Allen Jones had had an uneventful career working as an investigator for the Office of Inspector General in Pennsylvania. But in July 2002, he noticed that a new account had been set up to receive payments from the Janssen division of Johnson & Johnson. What was that for?
The bank account, he was told, was meant to cover travel expenses for health department officials so that they could examine a program that their colleagues in Texas had told them about. It seemed like a promising way to create modern prescription guidelines for Pennsylvania’s use of antipsychotic drugs in state mental institutions and among Medicaid patients, including children, the officials explained to Jones.
By September 2002, Jones says, he was "pretty sure something was wrong here." One of the state's pharmacists, he found, had been accepting speaking fees in addition to travel expenses. J&J was also paying to reimburse state employees for conducting seminars about the program throughout the state. By October, Jones had confirmed that the program--called PMAP in Pennsylvania, just as it had been called TMAP in Texas--was going to start using the guidelines, called algorithms, in January.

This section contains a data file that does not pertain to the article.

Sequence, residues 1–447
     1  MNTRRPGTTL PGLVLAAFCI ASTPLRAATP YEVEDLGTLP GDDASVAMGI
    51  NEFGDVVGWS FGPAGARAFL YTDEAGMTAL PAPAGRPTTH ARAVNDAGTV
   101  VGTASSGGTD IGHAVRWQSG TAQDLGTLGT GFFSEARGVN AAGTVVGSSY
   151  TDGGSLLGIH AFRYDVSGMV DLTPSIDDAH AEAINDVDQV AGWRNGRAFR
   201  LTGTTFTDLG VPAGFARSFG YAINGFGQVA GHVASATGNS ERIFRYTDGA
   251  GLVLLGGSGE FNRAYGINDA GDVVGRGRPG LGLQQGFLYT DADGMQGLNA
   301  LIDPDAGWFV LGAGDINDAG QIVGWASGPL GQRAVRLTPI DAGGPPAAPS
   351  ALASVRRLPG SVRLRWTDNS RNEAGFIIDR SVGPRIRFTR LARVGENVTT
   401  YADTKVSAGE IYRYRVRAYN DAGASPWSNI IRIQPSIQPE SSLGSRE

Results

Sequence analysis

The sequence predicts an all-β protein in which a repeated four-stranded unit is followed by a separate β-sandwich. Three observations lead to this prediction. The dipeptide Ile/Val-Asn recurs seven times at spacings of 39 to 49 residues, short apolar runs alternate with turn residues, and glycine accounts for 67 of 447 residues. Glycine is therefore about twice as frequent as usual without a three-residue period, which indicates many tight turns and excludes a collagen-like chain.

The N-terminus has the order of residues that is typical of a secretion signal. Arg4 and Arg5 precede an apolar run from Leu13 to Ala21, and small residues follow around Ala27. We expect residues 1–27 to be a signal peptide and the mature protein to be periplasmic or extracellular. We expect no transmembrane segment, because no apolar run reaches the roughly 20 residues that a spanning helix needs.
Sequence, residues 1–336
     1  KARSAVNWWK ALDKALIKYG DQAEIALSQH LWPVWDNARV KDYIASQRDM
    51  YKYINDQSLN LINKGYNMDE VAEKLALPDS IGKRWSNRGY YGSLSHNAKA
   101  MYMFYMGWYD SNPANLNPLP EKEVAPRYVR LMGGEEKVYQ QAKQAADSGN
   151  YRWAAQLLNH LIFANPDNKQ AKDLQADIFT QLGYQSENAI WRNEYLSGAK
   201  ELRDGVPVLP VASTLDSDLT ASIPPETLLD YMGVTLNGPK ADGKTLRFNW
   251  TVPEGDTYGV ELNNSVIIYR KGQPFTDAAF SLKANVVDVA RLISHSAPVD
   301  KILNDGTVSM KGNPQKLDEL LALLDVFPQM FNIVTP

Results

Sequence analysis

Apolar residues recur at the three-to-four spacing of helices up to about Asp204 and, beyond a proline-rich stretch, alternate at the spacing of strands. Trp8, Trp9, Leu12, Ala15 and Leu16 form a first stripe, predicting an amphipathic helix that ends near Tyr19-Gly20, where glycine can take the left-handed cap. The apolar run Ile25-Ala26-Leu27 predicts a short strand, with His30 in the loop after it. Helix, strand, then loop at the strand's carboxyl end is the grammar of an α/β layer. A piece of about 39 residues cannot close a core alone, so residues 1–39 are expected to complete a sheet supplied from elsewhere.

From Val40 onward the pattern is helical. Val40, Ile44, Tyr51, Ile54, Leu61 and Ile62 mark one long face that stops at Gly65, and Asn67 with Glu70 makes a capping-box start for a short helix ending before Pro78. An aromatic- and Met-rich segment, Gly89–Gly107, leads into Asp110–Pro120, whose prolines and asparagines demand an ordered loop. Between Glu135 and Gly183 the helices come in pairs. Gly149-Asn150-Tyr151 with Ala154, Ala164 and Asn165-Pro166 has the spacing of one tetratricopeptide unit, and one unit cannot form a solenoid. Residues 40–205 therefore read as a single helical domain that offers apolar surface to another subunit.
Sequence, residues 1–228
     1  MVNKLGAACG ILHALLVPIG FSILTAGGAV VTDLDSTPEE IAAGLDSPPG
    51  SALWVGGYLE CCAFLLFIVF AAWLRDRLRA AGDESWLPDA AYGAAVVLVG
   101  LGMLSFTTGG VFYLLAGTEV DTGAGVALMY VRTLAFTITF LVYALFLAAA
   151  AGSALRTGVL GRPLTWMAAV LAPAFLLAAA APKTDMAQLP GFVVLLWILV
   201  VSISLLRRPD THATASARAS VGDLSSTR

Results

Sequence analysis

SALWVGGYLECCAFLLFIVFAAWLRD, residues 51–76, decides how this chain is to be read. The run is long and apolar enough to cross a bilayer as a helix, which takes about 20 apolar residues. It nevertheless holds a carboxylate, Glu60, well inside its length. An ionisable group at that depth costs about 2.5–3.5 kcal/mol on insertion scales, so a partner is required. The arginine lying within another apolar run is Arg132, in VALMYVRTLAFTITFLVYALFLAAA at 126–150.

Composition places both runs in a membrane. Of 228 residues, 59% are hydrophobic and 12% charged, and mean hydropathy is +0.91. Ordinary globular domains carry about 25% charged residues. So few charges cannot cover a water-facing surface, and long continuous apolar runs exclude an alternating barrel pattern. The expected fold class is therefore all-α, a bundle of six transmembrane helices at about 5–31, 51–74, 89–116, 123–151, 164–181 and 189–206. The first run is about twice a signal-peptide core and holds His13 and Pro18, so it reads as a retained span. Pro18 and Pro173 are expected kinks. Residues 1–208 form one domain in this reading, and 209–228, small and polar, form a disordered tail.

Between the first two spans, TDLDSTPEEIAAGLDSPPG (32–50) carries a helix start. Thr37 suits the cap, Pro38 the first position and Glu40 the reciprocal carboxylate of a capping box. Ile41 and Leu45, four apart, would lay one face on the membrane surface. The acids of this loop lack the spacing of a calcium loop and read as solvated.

Jones began pestering state bureaucrats about why they were switching to all of these more expensive drugs, and why were they allowing prescriptions to people who had never been given medication before. Frustrated at being stiff-armed and told by his bosses to confine his investigation to the pharmacist who seemed to have taken personal fees and not reported them, he was soon taken off the assignment, and, he claims, “given a desk completely out of the way, with nothing to do.”
Jones didn't waste his spare time. He began copying documents to take home. And he began thinking about finding a lawyer.
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To read Chapter 6 in its entirety and view the accompanying materials online, visit The Huffington Post: Highline website: http://huff.to/1NyxH6s.
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